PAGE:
The bridge behind the title could be seen to symbolize the path that leads either from morality to immorality or back vice versa. I really just chose it because I think it looks cool.
Since I am founding the character of this blog on the words "moral" and "immoral," I should preface the ongoing stream of thought with a definition of terms, as I learned to do specifically in my sophomore year of high school.
To quote dictionary.com at length, "moral" means:
"Immoral" is accepted as meaning generally the opposite.–adjective1.of, pertaining to, or concerned with the principles or rules of right conduct or the distinction between right and wrong;ethical: moral attitudes.2.expressing or conveying truths or counsel as to right conduct, as a speaker or a literary work; moralizing: a moral novel.3.founded on the fundamental principles of right conduct rather than on legalities, enactment, or custom: moral obligations.4.capable of conforming to the rules of right conduct: a moral being.5.conforming to the rules of right conduct (opposed to immoral): a moral man.6.virtuous in sexual matters; chaste.7.of, pertaining to, or acting on the mind, feelings, will, or character: moral support.8.resting upon convincing grounds of probability; virtual: a moral certainty.–noun9.the moral teaching or practical lesson contained in a fable, tale, experience, etc.10.the embodiment or type of something.11.morals, principles or habits with respect to right or wrong conduct.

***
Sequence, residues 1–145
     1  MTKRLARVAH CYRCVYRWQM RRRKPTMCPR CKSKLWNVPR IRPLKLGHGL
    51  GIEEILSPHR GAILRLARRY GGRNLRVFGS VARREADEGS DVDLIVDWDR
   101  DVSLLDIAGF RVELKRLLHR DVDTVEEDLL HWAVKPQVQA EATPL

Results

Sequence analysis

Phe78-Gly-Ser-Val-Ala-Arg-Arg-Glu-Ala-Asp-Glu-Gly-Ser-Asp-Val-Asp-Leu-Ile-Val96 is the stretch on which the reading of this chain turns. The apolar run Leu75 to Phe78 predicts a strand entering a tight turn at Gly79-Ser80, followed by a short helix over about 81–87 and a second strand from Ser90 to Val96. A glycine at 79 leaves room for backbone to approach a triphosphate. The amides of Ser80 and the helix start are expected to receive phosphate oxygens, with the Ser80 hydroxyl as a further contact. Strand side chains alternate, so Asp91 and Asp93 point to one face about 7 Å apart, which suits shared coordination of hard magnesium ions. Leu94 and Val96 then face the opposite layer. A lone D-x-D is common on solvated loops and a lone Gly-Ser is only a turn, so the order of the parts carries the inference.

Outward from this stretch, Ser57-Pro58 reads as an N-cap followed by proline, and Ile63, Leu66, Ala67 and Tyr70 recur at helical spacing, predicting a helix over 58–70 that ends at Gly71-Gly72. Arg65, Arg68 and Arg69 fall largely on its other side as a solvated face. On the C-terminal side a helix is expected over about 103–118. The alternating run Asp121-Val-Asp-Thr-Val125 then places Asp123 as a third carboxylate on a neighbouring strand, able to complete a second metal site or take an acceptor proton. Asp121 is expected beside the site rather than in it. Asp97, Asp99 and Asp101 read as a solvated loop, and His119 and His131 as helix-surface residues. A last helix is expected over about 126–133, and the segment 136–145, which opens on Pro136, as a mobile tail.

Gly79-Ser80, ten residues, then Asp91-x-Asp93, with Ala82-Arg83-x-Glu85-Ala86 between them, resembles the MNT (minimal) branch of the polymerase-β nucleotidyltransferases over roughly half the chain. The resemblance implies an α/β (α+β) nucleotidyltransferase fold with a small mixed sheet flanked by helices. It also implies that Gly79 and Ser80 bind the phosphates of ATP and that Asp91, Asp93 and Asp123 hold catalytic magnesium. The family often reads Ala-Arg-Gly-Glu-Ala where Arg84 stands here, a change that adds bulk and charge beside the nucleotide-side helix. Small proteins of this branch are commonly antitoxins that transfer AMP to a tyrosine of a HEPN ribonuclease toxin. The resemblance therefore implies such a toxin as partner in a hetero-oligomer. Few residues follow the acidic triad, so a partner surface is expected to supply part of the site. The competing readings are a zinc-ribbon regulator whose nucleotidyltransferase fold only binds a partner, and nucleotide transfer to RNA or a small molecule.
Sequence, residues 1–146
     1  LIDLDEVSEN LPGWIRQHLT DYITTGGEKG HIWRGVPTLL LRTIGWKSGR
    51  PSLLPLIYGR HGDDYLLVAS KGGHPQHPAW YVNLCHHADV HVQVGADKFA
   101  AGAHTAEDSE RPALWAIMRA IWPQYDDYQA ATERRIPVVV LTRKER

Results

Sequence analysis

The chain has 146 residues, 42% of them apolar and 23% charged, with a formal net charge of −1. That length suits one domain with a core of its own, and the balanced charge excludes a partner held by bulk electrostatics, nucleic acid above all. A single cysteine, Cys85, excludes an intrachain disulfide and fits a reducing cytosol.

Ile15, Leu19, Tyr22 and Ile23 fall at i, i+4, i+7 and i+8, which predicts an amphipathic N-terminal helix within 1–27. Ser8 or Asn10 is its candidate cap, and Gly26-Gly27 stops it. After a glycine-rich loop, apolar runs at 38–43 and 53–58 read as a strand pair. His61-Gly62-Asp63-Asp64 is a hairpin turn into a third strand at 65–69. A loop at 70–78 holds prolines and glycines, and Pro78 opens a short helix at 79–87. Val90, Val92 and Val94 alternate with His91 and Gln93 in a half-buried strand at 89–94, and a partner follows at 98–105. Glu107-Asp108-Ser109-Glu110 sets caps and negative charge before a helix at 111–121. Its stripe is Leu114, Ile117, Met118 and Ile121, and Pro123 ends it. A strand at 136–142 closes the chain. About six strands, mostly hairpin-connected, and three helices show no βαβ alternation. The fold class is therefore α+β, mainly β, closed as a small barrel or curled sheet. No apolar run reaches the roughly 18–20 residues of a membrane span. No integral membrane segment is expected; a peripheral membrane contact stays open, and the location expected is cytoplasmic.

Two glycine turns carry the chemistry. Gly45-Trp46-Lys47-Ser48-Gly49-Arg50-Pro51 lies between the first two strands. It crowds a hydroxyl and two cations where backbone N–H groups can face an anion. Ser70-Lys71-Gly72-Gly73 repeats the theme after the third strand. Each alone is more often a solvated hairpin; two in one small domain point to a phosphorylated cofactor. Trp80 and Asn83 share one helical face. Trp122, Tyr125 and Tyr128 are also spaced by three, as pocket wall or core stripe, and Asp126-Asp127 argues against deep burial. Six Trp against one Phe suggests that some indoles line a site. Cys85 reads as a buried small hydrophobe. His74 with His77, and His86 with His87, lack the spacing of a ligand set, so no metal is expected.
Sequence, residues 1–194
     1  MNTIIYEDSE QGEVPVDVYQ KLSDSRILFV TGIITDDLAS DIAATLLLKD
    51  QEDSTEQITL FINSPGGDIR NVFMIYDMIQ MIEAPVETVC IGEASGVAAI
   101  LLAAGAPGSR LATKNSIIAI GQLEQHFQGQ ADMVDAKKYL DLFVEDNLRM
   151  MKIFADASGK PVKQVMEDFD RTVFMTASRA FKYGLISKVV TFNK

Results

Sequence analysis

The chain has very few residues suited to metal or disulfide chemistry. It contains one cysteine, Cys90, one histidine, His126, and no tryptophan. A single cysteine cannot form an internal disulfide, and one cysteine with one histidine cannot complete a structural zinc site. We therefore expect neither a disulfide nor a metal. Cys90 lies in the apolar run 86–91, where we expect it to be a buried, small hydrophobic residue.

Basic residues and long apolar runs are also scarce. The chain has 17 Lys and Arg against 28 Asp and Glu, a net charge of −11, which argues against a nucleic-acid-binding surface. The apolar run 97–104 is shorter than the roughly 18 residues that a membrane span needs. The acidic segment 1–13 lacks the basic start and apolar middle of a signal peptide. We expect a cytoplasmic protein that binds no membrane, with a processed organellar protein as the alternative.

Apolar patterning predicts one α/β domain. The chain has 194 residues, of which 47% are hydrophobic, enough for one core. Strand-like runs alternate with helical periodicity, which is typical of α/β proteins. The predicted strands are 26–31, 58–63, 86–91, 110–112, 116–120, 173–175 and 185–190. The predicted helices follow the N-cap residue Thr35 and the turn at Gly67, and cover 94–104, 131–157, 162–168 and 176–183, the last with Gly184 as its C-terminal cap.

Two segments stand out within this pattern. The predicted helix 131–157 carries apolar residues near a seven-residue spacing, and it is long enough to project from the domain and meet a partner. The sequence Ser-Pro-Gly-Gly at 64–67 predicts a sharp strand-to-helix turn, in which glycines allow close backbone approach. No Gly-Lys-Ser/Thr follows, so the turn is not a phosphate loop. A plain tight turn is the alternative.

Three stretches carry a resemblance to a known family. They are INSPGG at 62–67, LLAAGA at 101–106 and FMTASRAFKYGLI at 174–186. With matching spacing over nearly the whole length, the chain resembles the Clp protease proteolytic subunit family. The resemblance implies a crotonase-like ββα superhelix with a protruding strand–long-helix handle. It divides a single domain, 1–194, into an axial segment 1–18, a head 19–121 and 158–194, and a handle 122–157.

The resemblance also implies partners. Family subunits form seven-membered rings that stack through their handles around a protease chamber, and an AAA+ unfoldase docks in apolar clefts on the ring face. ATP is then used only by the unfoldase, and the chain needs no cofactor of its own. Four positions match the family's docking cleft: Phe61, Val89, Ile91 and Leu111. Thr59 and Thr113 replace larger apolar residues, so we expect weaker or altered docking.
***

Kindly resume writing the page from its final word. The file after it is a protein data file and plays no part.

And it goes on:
Now, all of that is like throwing a generous handful of words at a dart board in hopes that some will stick on the bullseye. Let it suffice to say then, for the purposes of the blog, that my understanding of the concept of morality rests largely on the book of Proverbs (and really the whole New Testament, and really the rest of the Bible). Of course, there will be plenty of opportunities for delving into this in greater detail later.